Scottish director Lynne Ramsay made an outstanding feature-film debut through the social drama "Ratcatcher". The film won numerous awards including a BAFTA for the most promising newcomer, but Ms. Ramsay was merely following a long tradition of British social realism that dates at least as far back as Charles Dickens, alongside some other fine film makers working today such as Ken Loach, Danny Boyle, and Mike Leigh.
Set in a mid-seventies Glaswegian council estate during a dustmen strike, we watch children kill their time either playing in the nearby polluted canal, bullying whoever they could, or hunting for rats among the piles of garbage that lay unattended for weeks. One day, twelve year old Ryan (Thomas McTaggart) and neighbour James (William Eadie) get into a play-fight by the canal, and Ryan drowns. Young James will find it difficult to cope with the event, reflected through his behaviour towards his parents and sisters henceforth. But despite their frictions, the one thing everyone in his family root and pray for, is to be allotted a council flat in a modern housing estate that's taking shape in the outskirts of the city - everyone wants to escape the squalor of their living conditions. James tags along the older boys who periodically take turns abusing local girl Margaret Anne (Leanne Mullen), a bespectacled girl desperate to be accepted among the group. Even though she's slightly older than him, James strikes up a rapport with her, and possibly even falls in love. He becomes friends with another neighbour, the slightly eccentric Kenny (John Miller), and their friendship is one of the bright spots in an otherwise bleak film. The army is finally brought in to clear the rubbish, and some lucky families also begin moving out of the estate, but will there be a similar redemption for James and family...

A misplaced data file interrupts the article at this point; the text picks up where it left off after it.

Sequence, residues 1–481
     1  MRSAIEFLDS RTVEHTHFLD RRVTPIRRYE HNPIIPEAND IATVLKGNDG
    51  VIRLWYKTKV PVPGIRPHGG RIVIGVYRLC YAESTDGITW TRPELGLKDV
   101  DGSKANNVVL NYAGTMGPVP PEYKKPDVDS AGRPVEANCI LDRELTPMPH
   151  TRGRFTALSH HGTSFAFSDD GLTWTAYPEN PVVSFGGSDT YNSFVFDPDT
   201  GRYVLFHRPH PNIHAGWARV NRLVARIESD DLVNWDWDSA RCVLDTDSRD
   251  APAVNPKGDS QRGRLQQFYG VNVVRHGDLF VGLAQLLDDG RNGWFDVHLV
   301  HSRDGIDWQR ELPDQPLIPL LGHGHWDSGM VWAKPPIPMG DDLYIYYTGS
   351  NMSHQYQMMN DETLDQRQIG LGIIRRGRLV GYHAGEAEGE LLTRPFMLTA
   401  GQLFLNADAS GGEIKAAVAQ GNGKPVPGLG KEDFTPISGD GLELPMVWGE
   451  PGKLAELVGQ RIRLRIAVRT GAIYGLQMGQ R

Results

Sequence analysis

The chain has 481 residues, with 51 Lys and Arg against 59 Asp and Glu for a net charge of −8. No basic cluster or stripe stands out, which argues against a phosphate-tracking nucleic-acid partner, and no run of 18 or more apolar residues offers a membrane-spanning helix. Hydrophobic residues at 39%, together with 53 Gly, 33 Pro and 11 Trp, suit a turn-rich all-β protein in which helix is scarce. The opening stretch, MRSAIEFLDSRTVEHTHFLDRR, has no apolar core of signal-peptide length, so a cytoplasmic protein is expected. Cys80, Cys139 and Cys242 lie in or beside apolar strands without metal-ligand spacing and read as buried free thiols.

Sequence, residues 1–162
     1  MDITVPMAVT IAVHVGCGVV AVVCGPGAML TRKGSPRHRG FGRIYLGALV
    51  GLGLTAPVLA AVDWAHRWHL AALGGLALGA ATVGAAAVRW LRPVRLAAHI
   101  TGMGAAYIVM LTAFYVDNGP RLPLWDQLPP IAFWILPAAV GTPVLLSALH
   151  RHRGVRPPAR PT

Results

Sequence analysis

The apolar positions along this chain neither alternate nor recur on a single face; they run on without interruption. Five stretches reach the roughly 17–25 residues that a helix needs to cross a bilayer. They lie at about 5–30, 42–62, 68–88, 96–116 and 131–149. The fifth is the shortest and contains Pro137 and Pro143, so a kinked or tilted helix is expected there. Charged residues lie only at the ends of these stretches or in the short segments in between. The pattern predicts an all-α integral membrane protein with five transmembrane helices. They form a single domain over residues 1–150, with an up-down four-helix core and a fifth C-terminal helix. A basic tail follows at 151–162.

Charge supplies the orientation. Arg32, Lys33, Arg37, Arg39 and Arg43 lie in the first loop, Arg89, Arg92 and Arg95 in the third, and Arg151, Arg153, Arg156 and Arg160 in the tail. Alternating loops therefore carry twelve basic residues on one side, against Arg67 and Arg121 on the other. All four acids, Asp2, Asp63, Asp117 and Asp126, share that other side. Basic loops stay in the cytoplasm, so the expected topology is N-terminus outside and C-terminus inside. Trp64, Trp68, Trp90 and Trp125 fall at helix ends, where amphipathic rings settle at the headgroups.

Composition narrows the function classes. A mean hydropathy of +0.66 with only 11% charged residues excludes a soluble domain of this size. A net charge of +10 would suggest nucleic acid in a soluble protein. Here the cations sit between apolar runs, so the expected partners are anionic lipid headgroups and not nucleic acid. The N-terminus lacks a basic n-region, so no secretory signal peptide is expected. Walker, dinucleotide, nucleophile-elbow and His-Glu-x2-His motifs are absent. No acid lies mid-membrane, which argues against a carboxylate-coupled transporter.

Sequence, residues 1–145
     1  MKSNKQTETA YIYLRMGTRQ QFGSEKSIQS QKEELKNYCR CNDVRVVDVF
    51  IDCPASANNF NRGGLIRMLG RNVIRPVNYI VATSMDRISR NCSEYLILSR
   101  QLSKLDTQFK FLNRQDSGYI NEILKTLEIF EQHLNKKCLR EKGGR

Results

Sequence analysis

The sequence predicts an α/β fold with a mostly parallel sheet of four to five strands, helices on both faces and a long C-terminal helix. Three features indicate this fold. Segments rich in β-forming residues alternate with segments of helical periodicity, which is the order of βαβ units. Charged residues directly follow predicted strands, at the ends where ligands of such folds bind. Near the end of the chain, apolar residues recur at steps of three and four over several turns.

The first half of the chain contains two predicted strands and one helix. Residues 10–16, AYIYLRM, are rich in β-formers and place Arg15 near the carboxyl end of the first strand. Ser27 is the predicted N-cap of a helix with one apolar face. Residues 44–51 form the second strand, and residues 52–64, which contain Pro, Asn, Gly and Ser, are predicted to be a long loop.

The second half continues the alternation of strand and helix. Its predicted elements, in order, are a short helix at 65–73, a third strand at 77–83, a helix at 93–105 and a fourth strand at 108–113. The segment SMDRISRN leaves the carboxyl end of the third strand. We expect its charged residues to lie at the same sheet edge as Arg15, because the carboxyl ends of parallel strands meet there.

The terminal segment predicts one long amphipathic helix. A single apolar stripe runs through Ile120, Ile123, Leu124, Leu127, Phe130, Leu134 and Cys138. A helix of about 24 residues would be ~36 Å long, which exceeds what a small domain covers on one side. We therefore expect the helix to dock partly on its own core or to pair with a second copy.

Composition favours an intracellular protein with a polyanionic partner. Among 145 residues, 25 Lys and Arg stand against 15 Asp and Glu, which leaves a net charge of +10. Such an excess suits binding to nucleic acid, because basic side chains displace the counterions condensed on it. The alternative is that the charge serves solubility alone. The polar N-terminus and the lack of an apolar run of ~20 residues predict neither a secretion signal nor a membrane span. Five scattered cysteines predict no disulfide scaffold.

The film may be a comment on the depravity in inner city council estates, but it also has additional layers. It is a commentary on the politics of the period the film was set against. The promised better life wasn't within reach of everyone, and their fate are likened to that of the lucky-draw through which newer apartments are allotted to families in the film. It is also a beautiful observation of children growing up in less than ideal surroundings, and it is refreshing too because it is from a woman's viewpoint.
Behind the grime and the slum-like surroundings, we see not only people's little flaws, but their spirit and kindness too - nothing is black and white as it may appear from afar, and this is where the film triumphs. The characterisation and dialogues are remarkably thoughtful and well conceived for a young director making her feature-film debut. It must have been daunting for Ms. Ramsay to live up to the huge expectations after its critical success, but to her credit and our joy, has continued to make several insightful and unique films since. I couldn't help sharing a brief scene as imagined by James, when Kenny releases his pet mouse Snowball in the direction of the moon by tying it to a balloon. The scene lightens the sombre mood during an otherwise important passage of play...
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Performance-wise, all the main cast are universally convincing, despite the fact that several of them are not professional actors. Like young Kenny (John Miller), one of my favourite characters in the film who lightens up proceedings with some dry but unintentional humour. Ms. Ramsay's daughter performs in the film too, as James' little sister Anne Marie. This is a British film classic, it is 'real', and Highly Recommended Viewing..!
Amazon.com DVD Link [NTSC]
This Criterion DVD is my recommendation, not only for its transfer, but the extras, including the director's engaging interview, and her three short films made earlier.
The Nudity: Leanne Mullen
There is candid scene in which James joins Margaret Anne in the bath after grooming her hair, a scene that's also discussed by the director during the DVD interview.